ECOP sees no problem reviewing minimum wage but says informal sector won't benefit

Job Manahan, ABS-CBN News

Posted at Mar 12 2022 06:07 PM

Members of urban poor group Kalipunan ng Damayang Mahihirap (Kadamay) hold a “price hike protest” at the San Roque Public Market in Quezon City on March 4, 2022. The group is calling on the government to impose a price control on goods and higher wages for workers. Jonathan Cellona, ABS-CBN News/file
Members of urban poor group Kalipunan ng Damayang Mahihirap (Kadamay) hold a “price hike protest” at the San Roque Public Market in Quezon City on March 4, 2022. The group is calling on the government to impose a price control on goods and higher wages for workers. Jonathan Cellona, ABS-CBN News/file

MANILA - The Employers Confederation of the Philippines (ECOP) on Saturday said while they do not have any problems reviewing workers' current minimum wage, only a small number of employees would benefit from it.

ECOP President Sergio Ortiz-Luiz, Jr. said there is a "compelling reason" to review the current minimum wage but "false expectations" hound ordinary workers. 

Luiz said even if the minimum wage will be raised, only workers in the formal sector would gain from this. This accounts around 16 percent of some 44 million workers in the country, he noted.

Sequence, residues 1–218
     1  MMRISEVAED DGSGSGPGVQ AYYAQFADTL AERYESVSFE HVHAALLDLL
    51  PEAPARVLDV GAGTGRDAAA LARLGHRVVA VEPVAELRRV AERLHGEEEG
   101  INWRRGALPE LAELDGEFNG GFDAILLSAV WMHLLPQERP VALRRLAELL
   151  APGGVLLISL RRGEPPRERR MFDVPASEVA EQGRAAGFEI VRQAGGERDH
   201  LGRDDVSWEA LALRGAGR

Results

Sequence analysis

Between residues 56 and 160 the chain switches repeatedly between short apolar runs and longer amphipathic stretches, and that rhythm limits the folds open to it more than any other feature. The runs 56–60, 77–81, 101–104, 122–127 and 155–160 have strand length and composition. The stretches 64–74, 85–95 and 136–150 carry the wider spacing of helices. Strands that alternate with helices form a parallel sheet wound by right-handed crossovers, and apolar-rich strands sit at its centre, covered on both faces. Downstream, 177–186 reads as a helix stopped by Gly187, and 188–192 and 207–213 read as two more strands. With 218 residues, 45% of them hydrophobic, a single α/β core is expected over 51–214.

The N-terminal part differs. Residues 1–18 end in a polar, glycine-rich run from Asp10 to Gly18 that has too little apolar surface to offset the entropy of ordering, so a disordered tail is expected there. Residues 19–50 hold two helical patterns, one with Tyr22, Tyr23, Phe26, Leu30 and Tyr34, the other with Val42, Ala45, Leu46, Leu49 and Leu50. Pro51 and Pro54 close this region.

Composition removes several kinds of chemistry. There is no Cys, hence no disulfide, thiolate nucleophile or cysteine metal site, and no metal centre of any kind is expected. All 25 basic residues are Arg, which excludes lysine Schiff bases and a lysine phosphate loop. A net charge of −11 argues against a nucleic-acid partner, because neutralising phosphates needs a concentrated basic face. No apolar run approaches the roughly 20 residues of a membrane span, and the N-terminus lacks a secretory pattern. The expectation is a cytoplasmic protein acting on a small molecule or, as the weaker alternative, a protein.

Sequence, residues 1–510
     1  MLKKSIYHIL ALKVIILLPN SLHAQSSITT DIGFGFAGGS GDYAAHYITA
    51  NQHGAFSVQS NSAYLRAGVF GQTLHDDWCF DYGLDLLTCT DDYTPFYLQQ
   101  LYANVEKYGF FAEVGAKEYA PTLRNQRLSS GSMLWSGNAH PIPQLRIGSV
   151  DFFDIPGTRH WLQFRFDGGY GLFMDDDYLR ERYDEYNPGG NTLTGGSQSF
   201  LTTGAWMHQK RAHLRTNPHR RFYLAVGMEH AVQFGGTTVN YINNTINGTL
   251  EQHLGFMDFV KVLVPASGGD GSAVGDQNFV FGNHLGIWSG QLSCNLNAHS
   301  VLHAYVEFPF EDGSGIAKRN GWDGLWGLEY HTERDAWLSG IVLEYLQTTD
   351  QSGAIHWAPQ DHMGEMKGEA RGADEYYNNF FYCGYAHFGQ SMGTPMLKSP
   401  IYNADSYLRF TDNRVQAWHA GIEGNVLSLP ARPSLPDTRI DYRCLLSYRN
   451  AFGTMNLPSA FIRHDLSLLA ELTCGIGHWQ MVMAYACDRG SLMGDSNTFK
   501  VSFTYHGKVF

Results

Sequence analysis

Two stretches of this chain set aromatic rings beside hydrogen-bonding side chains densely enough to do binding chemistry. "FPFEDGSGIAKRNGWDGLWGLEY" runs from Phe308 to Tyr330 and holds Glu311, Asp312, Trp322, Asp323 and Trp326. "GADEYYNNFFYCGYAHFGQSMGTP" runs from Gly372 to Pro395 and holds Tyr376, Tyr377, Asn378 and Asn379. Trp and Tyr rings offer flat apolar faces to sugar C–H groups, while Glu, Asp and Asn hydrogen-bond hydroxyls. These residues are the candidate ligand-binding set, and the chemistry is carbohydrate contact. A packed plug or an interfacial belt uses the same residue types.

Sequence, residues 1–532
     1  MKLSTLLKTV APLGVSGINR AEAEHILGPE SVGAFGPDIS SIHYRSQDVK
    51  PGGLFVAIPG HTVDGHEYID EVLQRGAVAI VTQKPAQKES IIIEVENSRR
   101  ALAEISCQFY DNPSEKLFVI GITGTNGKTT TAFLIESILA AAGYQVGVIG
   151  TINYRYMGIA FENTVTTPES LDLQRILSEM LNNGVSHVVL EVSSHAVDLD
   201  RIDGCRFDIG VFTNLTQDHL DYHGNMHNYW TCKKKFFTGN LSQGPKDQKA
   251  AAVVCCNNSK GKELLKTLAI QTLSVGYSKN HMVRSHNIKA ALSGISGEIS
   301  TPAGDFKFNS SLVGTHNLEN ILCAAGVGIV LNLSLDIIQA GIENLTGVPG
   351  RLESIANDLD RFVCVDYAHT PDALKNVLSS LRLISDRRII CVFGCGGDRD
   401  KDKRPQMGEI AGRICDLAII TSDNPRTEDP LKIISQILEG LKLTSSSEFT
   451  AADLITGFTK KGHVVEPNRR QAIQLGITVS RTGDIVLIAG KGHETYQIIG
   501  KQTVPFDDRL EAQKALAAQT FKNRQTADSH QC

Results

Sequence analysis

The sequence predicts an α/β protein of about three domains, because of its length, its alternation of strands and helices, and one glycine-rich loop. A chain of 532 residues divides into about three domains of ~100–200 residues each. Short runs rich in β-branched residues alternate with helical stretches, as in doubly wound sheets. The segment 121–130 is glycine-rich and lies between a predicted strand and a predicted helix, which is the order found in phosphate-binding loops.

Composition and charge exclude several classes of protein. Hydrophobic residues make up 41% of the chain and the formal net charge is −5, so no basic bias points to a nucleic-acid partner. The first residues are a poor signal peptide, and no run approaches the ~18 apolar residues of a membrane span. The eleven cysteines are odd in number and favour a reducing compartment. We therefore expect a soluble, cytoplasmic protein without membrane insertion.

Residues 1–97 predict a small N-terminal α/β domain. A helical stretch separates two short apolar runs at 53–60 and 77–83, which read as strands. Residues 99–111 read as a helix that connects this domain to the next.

"Iyong nasa informal sector, iyan ‘yung karamihan ng ating mga manggagawa – nandiyan na iyong mga farm workers, nandiyan na iyong mga tricycle drivers, mga market vendors, mga small business, family business – na wala naman silang mga employer," he noted.

"Eighty-four percent nandoon sa informal sector na ‘pag naggalaw ka ng minimum wage, hindi sila apektado," he added. 

Based on the Department of Labor and Employment's (DOLE) website, the current minimum wage rates in the National Capital Region is between P500 to P537, while this is lower in other areas. 

The Associated Labor Unions-Trade Union Congress of the Philippines this week said that minimum wage employees only earn around P12,000 monthly.

HOW ABOUT MSMEs 

Luiz said that micro, small, and medium enterprises (MSMEs) would also have difficulty in implementing the increased minimum wage, as some have yet to recover from the impact of COVID-19. 

"Iyong micro, there is no way that they can pay it. Iyong some of the bigger ones eh baka, some of them are even paying more than minimum wage ‘no at saka mga maraming mga bonuses diyan, iyon ang problema," he said. 

Russia's invasion of Ukraine has pushed the price of fuel upwards, with the cost of diesel estimated to rise by P11.80 to P12 per liter next week, while gasoline could soar by P6.90 to P7.20 per liter. 

Kerosene, meanwhile, could go up by P9.70 to P9.80 per liter, industry sources said. Local industry players feared that the increase in gas prices may cause a price spike in basic commodities. 

To respond to the rising cost of fuel, President Rodrigo Duterte has approved the release of P3 billion fuel subsidy and discount vouchers for transport drivers, farmers, and fisherfolk. 

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